The Hong Kong government will introduce a number of tax incentives to promote reinsurance, marine insurance, and specialty insurance as the city aims to become a regional risk management centre, according to the South China Morning Post (SCMP).
Financial Secretary Paul Chan Mo-po said the incentives were in response to the rising demand for re/insurance relating to the US $1.7 trillion worth of infrastructure projects under development in Asia until 2030.
Speaking at the HKFI 30 Symposium, Chan said: “We are also exploring further tax incentives and regulatory changes to spur the development of marine insurance, specialty insurance and reinsurance in Hong Kong. We will soon consult the industry on these new measures.”
While he did not provide further details about the tax structure, SCMP noted that a report by the Financial Services Development Council (FSDC) last year recommended that Hong Kong introduce the incentives to compete with Singapore as a hub for reinsurance.
“Singapore is offering a 10 percent tax rate to insurers for writing both onshore and offshore marine hull and liability risks,” the FSDC’s report stated. “These incentives proved to be one of the success factors attracting international marine insurers and brokers to set up their businesses in Singapore.”
The report continued: “Hong Kong should consider introducing tax incentives to encourage direct insurers, reinsurers and brokers to establish or expand their presence in Hong Kong, and to place itself in a level playing field with other competitors in this region.”
Chan also said that the Hong Kong Insurance Authority had reached an agreement with the China Banking and Insurance Regulatory Commission (CBIRC) to allow Hong Kong based reinsurers to underwrite insurance business on the mainland.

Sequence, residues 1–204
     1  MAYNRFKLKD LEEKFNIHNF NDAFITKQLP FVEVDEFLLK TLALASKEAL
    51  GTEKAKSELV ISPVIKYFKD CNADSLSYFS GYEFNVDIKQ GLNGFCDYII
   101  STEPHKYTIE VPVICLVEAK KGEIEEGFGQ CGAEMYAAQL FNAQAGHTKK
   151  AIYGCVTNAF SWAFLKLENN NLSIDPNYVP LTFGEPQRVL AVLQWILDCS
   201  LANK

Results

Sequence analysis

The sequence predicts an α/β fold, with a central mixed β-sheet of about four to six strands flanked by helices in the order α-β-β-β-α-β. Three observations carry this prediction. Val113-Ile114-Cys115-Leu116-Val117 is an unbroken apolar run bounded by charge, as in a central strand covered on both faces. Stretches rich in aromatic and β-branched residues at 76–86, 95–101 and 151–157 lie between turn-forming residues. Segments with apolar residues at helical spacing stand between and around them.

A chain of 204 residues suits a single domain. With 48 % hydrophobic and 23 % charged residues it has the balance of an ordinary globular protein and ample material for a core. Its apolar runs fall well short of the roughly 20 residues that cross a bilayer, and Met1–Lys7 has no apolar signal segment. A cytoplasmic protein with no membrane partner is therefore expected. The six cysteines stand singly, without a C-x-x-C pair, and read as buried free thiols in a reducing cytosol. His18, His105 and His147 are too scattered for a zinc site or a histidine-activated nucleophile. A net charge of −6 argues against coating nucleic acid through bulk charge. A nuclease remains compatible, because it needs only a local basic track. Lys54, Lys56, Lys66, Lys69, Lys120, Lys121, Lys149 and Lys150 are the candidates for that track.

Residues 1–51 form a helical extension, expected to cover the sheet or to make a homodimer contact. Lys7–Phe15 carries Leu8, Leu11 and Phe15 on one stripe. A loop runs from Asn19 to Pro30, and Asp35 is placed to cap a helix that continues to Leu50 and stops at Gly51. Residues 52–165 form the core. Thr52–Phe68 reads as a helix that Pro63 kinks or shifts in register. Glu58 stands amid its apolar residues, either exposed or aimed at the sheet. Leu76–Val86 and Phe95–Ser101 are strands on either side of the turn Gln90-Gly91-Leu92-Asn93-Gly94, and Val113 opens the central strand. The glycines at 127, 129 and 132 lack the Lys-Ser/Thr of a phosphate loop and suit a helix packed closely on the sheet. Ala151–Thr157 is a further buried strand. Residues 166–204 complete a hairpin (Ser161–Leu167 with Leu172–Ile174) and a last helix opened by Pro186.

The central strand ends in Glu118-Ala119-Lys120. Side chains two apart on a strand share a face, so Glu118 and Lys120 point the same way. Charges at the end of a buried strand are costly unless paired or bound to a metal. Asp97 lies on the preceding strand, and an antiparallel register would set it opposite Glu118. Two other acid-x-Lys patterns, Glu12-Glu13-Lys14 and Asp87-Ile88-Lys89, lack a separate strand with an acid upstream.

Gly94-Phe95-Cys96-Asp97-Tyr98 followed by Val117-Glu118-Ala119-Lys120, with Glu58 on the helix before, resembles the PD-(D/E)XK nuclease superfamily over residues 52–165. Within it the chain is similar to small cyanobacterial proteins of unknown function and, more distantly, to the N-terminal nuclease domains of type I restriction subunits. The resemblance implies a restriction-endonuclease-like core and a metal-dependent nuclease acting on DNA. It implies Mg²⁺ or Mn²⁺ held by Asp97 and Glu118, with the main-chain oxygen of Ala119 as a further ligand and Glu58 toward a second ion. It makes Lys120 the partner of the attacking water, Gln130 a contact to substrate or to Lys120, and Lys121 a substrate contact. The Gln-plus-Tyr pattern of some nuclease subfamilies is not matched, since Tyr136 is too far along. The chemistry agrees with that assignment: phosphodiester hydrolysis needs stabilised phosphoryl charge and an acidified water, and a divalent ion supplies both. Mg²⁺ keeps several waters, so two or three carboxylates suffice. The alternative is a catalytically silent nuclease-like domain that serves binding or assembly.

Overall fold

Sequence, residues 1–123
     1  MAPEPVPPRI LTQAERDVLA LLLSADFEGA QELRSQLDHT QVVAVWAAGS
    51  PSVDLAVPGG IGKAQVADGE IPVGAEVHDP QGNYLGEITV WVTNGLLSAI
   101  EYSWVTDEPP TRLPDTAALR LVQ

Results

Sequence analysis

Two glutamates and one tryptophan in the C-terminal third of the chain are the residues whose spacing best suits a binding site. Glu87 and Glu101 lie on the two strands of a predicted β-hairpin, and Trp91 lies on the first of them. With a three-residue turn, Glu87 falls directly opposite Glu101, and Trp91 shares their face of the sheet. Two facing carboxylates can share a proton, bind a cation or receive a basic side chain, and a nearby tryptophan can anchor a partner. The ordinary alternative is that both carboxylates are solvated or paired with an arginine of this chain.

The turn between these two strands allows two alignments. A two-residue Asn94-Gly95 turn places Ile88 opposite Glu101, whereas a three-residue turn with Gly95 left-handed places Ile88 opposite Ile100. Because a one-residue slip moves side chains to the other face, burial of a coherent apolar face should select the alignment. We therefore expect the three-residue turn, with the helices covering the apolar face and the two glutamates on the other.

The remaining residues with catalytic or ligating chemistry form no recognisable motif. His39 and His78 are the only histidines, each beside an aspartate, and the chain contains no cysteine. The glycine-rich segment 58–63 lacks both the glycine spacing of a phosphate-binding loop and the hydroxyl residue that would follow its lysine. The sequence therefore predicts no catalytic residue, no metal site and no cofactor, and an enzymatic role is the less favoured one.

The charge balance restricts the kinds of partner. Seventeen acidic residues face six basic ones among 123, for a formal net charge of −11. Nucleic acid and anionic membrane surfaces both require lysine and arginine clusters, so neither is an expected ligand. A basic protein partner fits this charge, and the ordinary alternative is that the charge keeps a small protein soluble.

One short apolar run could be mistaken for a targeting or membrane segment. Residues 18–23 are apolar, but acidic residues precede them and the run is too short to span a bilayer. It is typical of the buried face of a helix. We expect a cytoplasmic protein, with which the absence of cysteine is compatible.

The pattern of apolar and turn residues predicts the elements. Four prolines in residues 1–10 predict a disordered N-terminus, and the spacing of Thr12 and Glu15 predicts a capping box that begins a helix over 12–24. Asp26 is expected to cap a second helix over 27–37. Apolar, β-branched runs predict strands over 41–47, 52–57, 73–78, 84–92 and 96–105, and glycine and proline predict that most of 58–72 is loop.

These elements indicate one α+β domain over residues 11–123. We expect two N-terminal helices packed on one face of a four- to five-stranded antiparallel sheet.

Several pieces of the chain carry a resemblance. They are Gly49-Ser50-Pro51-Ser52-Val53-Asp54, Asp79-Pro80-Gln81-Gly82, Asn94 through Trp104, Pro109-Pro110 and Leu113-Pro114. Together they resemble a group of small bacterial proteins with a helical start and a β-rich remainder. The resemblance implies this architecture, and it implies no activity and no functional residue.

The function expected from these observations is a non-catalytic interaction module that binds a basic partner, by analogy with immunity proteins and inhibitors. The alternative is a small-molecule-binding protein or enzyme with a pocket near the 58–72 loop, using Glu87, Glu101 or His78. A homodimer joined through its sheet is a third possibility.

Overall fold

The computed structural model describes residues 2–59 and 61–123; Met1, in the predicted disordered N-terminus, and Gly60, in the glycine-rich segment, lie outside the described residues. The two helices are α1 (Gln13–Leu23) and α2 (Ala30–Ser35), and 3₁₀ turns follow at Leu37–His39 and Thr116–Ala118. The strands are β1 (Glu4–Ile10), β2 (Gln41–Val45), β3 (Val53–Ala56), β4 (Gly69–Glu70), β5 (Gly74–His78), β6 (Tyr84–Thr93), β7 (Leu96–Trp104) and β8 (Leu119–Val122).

China’s reinsurance market was valued at HK $273 billion (US $34.78 billion) in 2013 and is expected to reach up to HK $1.54 trillion by 2020, according to SCMP.
Chan added that Hong Kong may also consider expanding planned tax incentives for deferred annuity schemes, stating: “I know the industry is asking for a maximum tax deductible limit higher than the proposed level of $36,000 per year. We will definitely consider the views of the industry when we finalise our proposal.”
“As we can see, more people are starting to look for different financial tools for saving early and saving more for their retirement,” he continued. “It remains our target to introduce the tax deduction in the 2019-2020 year of assessment.”
Speaking with SCMP at the HKFI 30 Symposium, Bernard Chan, Executive Councillor and Head of Asia Insurance, also commented on the proposed tax incentives: “Hong Kong has a big shipping and port business, but our marine insurance has lost out to Singapore and London. A tax incentive will help Hong Kong to attract some of these providers.
“But a tax incentive alone is not enough. Singapore has been very successful in providing training and other support to establish an ecosystem for the marine insurance industry. Hong Kong needs to provide more education and other measures to build up the industry.”